Writing Center

Take (Writing) Risks Before It's Too Late

By Tori Link, Writing Tutor


Now that it's the spring semester of my senior year, the time has finally come for me to give advice to younger students and share the pieces of venerated wisdom I've gleaned from my four years in the trenches of undergrad studies. I've heard all the go-to stuff, about making friends and studying hard. Of all the corny, deep truths I've learned about myself at Xavier, I think the most significant is that I now recognize the importance of taking risks. College is a time to take chances and try new things, and there's no better place to start taking risks than in your writing.


My most recent experience with risky writing choices was while writing my personal statement for graduate applications, as I attempted to pin down some kind of structured plan for my post-Xavier life. If you haven't had to write a personal statement yet, you probably will eventually when applying for professional/graduate schools, jobs, and internships. If you have written one, you know how tricky the personal statement can be, because you want it to really show off everything you have to offer. However, you also know how easy the personal statement is to overlook, underestimate, and put off for later; when an admissions committee tells you that they need an application, a resume, a test score, all of the money in your bank account, your left kidney, and your first-born child, the two-page essay about yourself might not seem quite as daunting in comparison. But that all changes once you start writing it.


I felt very prepared to write my personal statement. I learned about the nuances that differentiate personal statements for law school, medical school, and every kind of grad school program in between. I read all the Buzzfeed articles about the "funniest personal statement fails" and every blog post I could find about what admission counselors are looking for and how to make your essay stand out. In theory, I should have known what to expect from my writing process. But when I put pen to paper, I could only write short, disjointed paragraphs, without any sense of meaning or intentionality. My word choice was shoddy and lackluster, and the paper was poorly organized. My conclusion was vague and there was no overall meaning conveyed. I thought I had done everything I was supposed to, but my personal statement was still a hot mess that didn't say anything that I wanted it to.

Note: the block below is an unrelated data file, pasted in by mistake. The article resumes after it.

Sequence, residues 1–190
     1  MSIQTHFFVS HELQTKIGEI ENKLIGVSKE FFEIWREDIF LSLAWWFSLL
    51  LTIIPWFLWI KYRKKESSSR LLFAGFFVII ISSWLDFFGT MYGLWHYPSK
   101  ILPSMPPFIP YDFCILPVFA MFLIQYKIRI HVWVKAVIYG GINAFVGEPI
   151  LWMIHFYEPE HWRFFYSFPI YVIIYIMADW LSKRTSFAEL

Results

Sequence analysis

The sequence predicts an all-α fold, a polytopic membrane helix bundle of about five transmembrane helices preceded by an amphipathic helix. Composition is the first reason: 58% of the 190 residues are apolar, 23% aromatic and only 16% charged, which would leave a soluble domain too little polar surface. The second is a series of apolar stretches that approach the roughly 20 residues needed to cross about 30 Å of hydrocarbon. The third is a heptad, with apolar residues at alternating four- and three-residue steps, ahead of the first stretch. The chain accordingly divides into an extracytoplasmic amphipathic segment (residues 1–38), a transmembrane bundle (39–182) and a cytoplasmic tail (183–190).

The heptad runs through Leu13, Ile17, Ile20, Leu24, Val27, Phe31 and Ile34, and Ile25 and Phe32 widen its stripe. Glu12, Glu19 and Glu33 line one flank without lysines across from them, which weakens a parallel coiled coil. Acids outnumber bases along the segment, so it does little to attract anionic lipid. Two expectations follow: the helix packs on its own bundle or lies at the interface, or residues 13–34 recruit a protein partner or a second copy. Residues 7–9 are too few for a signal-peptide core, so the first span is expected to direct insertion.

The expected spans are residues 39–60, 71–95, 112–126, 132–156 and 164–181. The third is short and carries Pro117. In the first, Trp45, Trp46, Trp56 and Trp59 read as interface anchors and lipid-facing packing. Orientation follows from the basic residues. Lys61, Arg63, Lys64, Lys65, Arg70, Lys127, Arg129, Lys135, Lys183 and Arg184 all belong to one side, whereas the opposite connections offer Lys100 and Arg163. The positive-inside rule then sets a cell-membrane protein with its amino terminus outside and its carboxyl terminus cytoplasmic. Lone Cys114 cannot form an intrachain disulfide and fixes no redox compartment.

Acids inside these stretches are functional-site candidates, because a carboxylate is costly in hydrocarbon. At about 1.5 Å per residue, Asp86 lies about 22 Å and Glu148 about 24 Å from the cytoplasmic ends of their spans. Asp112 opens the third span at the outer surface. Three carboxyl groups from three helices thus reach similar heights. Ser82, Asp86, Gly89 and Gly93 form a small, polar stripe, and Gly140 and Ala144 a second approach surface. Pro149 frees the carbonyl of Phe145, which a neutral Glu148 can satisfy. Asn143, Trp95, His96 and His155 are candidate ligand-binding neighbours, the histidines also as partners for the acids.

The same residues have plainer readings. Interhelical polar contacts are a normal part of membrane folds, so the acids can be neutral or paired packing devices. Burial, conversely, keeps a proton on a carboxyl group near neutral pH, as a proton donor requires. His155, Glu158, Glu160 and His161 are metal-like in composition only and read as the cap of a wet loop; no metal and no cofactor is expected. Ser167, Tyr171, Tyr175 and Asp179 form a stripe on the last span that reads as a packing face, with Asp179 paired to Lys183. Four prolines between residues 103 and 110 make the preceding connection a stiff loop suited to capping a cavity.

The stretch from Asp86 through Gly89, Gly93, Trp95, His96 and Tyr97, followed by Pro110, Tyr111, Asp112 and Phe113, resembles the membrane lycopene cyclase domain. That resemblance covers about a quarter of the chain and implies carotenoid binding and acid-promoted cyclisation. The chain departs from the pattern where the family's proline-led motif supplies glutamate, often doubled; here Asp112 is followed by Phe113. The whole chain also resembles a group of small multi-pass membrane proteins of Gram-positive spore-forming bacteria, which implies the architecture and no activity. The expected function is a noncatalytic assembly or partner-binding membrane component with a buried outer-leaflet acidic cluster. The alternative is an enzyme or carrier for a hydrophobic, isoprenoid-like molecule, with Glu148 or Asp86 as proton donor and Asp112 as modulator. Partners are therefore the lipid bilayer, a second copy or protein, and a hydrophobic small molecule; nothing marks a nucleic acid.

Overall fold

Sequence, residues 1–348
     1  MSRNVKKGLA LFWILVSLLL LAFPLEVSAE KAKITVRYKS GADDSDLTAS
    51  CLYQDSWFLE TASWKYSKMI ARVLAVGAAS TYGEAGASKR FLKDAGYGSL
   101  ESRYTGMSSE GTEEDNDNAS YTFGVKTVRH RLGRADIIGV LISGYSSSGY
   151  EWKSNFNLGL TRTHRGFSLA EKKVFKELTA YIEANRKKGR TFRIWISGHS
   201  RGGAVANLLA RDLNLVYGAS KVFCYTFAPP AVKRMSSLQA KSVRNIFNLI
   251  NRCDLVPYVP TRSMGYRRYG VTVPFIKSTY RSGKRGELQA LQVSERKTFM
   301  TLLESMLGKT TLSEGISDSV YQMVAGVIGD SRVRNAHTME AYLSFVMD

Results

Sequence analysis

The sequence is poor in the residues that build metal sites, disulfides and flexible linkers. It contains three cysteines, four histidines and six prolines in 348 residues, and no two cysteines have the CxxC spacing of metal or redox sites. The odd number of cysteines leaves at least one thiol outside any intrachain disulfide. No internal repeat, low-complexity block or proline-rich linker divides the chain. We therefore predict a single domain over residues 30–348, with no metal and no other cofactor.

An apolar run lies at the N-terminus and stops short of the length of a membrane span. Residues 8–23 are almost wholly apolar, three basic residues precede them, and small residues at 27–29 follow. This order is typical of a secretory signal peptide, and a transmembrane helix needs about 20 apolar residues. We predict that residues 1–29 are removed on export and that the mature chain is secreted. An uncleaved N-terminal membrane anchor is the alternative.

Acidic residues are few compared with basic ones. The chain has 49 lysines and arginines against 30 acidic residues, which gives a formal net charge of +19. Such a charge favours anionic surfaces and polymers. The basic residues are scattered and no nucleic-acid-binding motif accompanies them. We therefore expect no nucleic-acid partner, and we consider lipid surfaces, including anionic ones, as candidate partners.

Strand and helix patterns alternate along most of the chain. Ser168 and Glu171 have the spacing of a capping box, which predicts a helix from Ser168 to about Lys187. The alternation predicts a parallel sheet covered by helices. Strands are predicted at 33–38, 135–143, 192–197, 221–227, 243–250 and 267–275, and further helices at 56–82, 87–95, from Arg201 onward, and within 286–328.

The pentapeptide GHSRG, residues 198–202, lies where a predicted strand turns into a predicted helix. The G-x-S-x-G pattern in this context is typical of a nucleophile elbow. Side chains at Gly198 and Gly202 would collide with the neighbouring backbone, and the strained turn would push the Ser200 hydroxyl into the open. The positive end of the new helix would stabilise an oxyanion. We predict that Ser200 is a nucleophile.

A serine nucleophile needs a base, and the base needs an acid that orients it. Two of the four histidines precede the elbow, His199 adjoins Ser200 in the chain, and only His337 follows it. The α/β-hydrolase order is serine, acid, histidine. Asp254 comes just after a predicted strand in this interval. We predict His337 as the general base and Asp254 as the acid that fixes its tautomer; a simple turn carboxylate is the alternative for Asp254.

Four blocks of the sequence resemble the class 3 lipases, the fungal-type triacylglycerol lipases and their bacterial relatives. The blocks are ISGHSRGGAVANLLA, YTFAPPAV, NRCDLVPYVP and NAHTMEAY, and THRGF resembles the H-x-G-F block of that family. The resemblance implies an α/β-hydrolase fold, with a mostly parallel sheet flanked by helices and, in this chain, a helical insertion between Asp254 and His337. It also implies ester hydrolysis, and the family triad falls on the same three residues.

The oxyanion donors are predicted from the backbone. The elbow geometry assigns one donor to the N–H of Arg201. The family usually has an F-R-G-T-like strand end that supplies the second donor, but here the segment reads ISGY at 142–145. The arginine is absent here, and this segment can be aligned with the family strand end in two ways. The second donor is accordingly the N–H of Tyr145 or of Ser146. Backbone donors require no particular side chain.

I came to the conclusion that the reason I struggled at this writing process was because I wasn't prepared to write about myself in this context. I knew what personal experiences I had planned to write about, and how that had affected me, but I didn't know how to put these feelings into conversation with each other. I found it painstakingly difficult to piece together a story that would help create an image of me as a thoughtful and conscientious person. I didn't want to have to talk about myself and share these personal details with a complete stranger. The idea that another human being in an admissions office at some faraway school would use this essay to form their entire opinion of me made me feel afraid and vulnerable. It took me several days of drafting and awkward personal sharing sessions with friends, family members, professors, and other Writing Center tutors before I had a completed draft that said the things that I wanted the world to know about me.


I've come to the realization that the reason my personal statement was difficult to write is because even after four years of college, I still find it difficult to take a risk in my writing. It is challenging to write about our personal experiences because they are indeed personal, and to put them into words is to give those experiences to others. It's made even more difficult when we have to write about this for something as high-stakes as the things we plan for our future, where the details we reveal about ourselves will impact what we are able to do after college. However, I also think it was good for me to have to do this, sharing pieces of myself with others isn't going to get easier after I graduate, and the writing certainly isn't going to stop either.


The best advice that I can give to undergraduates is to always try to take risks while writing. I know that it's important to try to write the paper that will get you the grade that you want; however, because college provides you with so many opportunities to write on topics that you feel passionate about, the reward is so much greater if you write about them in ways that engage your thoughts more deeply than you expected. So go ahead and take the risk: chances are, you'll find yourself using the words that you were searching for all along.

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